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tormek problems

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gloswood

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Hi to you woodies out there
I have a tormek supergrind which i think is the forerunner to the current t3, which no matter how hard i try will not not give a square edge on any thing over about half an inch wide and has never done so since i bought it , so after spending the best part of yet another hour trying to grind a new neilsen a2 plane blade to 35 degrees,
I decided to bite the bullet and buy somethig else, the obvious choice is a t7 but i must admit i am strugleing to justify spending that sort of money as i dont need a sharpening system, i am quite happt to sharpen by hand, but i do need a good wet grinder, i have had a look around and there seems to be a lot of t7 clones out there, plus a few second hand scheppach tigger 2500s, which i dont no if thats a good or bad thing, i would appriciate any veiws any body has, plus if any body has any veiws on a a horizontal wet grinder which would get away from the hollow grind of the vetical type (which i no isn't a problem) thanks in antisipation, martin
 

paulm

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Have you trued the wheel to the grinding bar Martin and if so how have you done that ?

Are you using a jig to hold the blades, or flat on a grinding platform ?

Cheers, Paul
 

gloswood

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Good morning paul
I have trued and squared the stone to the bar with tormeks diamond tool, and i do use their jig to hold the tools even checking with a enginners square to make sure the tool is square to the jig, i think the fundamental problem is the weakness of the machine frame allows it all to flex abit, cheers martin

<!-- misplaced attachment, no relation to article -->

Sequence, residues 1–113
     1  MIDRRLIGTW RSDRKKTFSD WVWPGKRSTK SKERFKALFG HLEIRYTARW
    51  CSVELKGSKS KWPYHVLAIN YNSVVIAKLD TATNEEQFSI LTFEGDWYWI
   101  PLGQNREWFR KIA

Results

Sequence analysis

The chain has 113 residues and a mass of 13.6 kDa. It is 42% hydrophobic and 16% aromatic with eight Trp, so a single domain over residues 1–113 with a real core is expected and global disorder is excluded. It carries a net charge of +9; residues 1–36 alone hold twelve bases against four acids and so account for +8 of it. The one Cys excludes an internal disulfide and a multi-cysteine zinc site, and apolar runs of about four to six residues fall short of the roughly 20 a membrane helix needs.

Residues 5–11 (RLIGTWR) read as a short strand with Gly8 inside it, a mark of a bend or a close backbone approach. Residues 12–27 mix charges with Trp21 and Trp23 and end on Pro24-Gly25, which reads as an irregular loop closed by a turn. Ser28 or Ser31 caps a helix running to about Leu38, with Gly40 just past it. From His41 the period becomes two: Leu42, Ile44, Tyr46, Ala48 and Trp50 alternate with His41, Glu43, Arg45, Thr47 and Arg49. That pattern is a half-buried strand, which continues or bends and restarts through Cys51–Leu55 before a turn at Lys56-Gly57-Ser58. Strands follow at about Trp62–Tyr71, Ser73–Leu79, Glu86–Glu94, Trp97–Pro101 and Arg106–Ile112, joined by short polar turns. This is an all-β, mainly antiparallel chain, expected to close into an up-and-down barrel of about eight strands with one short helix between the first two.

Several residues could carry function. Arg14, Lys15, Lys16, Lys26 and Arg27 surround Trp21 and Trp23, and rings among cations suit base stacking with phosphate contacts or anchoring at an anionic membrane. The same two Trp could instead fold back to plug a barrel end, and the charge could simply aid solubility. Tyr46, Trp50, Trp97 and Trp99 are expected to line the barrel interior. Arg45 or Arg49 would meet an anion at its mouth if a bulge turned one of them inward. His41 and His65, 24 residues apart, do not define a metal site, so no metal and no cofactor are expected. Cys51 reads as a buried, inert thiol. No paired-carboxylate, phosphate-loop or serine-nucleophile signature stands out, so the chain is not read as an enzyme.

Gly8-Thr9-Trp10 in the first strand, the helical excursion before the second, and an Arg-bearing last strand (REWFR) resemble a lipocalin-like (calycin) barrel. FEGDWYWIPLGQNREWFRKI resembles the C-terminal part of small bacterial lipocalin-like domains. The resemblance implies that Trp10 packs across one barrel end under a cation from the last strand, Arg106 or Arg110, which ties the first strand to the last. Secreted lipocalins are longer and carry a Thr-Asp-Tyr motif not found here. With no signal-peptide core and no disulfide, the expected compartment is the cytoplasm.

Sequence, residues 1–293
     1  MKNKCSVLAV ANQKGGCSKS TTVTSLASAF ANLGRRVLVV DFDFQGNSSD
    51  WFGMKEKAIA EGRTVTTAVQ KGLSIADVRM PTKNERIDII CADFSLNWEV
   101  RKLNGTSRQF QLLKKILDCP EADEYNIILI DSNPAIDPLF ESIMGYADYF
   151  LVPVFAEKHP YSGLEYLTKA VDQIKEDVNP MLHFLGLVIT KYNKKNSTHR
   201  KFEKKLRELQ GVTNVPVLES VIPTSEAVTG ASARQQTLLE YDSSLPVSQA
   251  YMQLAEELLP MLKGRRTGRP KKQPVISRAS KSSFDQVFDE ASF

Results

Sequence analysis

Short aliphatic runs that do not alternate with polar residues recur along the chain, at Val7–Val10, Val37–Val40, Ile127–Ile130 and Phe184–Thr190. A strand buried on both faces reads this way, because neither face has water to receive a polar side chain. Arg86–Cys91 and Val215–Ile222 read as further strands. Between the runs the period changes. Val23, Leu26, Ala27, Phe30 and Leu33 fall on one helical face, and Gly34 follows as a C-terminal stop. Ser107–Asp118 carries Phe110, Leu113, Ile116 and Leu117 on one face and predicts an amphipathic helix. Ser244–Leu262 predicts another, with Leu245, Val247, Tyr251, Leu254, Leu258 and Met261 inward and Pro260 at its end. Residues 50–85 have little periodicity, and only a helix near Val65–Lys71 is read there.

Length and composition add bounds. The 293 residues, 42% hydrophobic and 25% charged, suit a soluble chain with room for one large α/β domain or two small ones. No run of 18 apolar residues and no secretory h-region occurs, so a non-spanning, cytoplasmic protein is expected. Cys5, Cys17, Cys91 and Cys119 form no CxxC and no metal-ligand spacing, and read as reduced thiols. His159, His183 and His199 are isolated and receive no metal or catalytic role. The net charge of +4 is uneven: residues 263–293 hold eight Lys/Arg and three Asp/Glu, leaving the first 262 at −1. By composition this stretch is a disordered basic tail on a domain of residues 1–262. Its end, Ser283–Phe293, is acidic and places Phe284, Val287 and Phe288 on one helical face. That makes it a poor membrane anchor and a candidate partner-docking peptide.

Dodge

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I used to have the Tormek supergrind and regularly experienced this problem, when my stone wore down I actually replaced it with the Sheppach Tiger as that was cheaper to buy than the replacement stone for the Tormek.

I have found that the Scheppach Tiger does exactly the same job and I use it all the time - Highly recommended.
 

woodbloke

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Using any Tormek isn't a straight forward business but relies on subtle finger pressure (up or down, left side or right) to apply force to the blade when it's moving across the stone..don't just bang the blade into the jig and assume that it'll cut square...it won't! Get hold of a small 50mm square and check that the sides of the blade are square to the top of the jig as well and then use the little square to check the grind when it's finished, if it's high at one end, then the subtle finger pressure as mentioned will correct it and of course you must true the stone surface with the diamond jig as often as is necessary.
The Tormek is a great piece of kit, but it's not foolproof and you need to learn how to use it properly to get the best out of it. I've got one of the old green machines which is now over 10 years old and still working as good as the day I bought it - Rob
 

Paul Chapman

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It can also be helpful to colour the bevel with a waterproof felt tip pen so that you can see how the grinding is going and make small adjustments as necessary.

Cheers :wink:

Paul
 

Harbo

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I mark a straight edge with a very fine perm marker and a small Engineers square and work to that.
No problems with getting good results on my Tormek.

Rod
 

Modernist

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Are you using the new blade holder which references off the flat side of the blade or the old one which related to the bevel side and hence gave problems?
 

Martin Brown

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Hi I am part of Tormek UK team, and therefore am involved with Tormek commercially.

The comments above are correct that Tormek does not automatically cut at 90 degrees and requires checking whilst grinding and adjustment of pressure whilst working. Keeping the stone true with the truing device will help too.

The latest Tormek jig for plane irons and chisels helps ensure you get good results even more quickly.

Please PM me if you have any further questions, or come and see us at the shows this Autumn.

Martin Brown
 

gloswood